March 14, 2015 | By:
Man Swarm, overpopulation

Why It’s Time to Redefine Carrying Capacity

Man Swarm, overpopulation

Mule deer bucks

What is “carrying capacity”? Here is an excerpt from the new edition of Man Swarm that not only defines but lays out why it’s time to redefine it:

From Man Swarm:

Think of an animal—let’s say the mule deer. Determining its carrying capacity means knowing how many an area can “carry” without harm to the ecosystem or starvation of those deer. Biologists know what it means for Earthlings other than us. But what about the carrying capacity for Man? Professor Eileen Crist at Virginia Tech wisely writes, “In most of the literature I’ve read raising the question of ‘what human carrying capacity is’ seems to be a veiled way of asking: How many people can sustainably use, exploit, degrade, or destroy (portions of) the biosphere without risking collapse for human beings or human civilization?”

All too often, carrying capacity is weighed narrowly and focuses on whether Earth can give mankind what it needs. And all too often, it overlooks the needs of all other Earthlings; wild things do not play into this reckoning. Beyond its impact on the flow of raw goods in our industrial web, it is past time for carrying capacity to include its impact on wild things and on evolutionary processes.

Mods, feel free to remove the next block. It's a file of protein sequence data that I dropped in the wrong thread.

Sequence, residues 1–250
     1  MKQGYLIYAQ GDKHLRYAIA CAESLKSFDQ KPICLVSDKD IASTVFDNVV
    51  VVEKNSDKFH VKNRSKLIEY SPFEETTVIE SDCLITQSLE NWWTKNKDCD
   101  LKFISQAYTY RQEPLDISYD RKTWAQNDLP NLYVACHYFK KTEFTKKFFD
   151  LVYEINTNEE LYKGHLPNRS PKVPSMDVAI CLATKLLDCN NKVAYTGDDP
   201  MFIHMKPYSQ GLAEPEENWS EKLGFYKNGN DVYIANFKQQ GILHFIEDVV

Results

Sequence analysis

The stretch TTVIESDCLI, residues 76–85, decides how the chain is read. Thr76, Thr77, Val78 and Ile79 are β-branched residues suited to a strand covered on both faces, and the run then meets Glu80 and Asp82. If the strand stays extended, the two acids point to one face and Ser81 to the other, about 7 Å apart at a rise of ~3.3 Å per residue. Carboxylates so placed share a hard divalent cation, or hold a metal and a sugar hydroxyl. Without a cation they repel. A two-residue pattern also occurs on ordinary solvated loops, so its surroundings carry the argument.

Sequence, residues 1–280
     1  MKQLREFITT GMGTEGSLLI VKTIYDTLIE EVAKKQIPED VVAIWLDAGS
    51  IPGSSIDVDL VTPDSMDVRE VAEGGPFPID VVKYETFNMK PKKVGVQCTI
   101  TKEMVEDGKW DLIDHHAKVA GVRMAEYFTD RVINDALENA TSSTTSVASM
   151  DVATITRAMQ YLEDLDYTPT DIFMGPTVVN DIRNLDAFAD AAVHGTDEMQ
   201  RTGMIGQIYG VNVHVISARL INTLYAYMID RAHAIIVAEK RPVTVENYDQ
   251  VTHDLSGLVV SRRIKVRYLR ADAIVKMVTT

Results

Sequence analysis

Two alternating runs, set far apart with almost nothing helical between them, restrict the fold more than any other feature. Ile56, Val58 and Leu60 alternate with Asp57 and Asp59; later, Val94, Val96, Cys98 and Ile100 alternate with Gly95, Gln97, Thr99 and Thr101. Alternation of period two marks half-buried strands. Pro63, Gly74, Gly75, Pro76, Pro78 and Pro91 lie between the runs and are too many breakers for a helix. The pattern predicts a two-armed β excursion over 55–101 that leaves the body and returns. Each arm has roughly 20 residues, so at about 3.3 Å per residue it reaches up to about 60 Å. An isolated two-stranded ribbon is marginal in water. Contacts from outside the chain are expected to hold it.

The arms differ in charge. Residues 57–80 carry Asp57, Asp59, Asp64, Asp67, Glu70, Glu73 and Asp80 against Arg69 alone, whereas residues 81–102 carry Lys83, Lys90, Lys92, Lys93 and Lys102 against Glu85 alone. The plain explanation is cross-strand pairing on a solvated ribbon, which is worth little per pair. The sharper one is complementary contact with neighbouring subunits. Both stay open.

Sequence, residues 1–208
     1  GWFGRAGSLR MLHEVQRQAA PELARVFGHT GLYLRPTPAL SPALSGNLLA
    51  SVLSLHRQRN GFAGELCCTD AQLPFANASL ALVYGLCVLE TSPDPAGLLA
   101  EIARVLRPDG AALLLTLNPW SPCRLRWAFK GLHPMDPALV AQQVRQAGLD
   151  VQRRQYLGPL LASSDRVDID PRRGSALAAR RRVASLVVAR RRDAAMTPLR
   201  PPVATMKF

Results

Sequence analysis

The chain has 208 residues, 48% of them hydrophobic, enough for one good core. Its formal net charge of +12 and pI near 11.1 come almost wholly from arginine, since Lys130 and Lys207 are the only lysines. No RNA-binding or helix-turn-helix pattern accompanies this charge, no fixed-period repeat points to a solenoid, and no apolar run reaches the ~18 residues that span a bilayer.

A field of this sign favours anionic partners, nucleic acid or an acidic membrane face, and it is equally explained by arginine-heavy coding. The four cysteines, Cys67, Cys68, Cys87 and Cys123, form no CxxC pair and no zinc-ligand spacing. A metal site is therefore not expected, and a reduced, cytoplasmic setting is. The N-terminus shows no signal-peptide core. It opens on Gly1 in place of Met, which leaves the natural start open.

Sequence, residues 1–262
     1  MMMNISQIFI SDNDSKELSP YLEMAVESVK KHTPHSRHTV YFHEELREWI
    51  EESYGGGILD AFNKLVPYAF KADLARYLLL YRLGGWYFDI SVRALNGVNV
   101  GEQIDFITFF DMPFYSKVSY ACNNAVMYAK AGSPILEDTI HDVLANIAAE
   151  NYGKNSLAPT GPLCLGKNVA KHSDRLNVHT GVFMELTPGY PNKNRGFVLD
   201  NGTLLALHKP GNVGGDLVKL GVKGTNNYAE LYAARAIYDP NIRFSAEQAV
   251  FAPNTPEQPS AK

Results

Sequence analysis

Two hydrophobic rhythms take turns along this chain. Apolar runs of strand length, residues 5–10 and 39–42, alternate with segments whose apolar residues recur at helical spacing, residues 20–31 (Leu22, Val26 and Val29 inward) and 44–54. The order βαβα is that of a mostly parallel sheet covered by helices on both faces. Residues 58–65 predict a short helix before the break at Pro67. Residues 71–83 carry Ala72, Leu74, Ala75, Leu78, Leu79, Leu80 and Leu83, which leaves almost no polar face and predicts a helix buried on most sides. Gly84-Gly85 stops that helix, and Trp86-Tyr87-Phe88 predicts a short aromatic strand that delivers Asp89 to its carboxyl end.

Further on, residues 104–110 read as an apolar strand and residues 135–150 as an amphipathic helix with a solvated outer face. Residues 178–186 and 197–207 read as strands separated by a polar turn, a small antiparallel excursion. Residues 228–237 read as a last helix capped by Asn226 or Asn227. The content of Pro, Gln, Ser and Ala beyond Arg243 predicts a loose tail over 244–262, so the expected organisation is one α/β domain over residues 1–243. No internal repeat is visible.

…The true yardstick of our carrying capacity should go beyond how ecosystems serve us to what we do to wild things—the health and soundness of other Earthlings and where they live. A landscape without big wilderness and without room for wild animals and native wildlife is one in which humans have overshot carrying capacity. Defining carrying capacity in this way means humans overshot it in much of the world long ago.

What “sustainability” means has also been seen through the lens of Man’s needs. A society is not truly sustainable if it brings on extinction of other Earthlings or if it tames its lands and waters. It is unlikely that any tribe has been sustainable for long even for its own needs alone. Truly defining sustainability and figuring out what we must do to gain it is the great challenge of all time for Man.

Read more about carrying capacity as it relates to the overpopulation crisis in Man Swarm!



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9 years ago

William Catton’s 1980 book “Overshoot” dealt with the concept of carrying capacity quite thoroughly.

Catton maintained that humans created a carrying capacity deficit when we began importing food from outside our bioregion and when we began using fossil fuels. It’s been an increasing slippery slope since then. This, of course, includes the effects of human consumption on other species, since humans cannot live in the absence of a healthy web of life.

And it’s temporary. Things that can’t go on forever, don’t.

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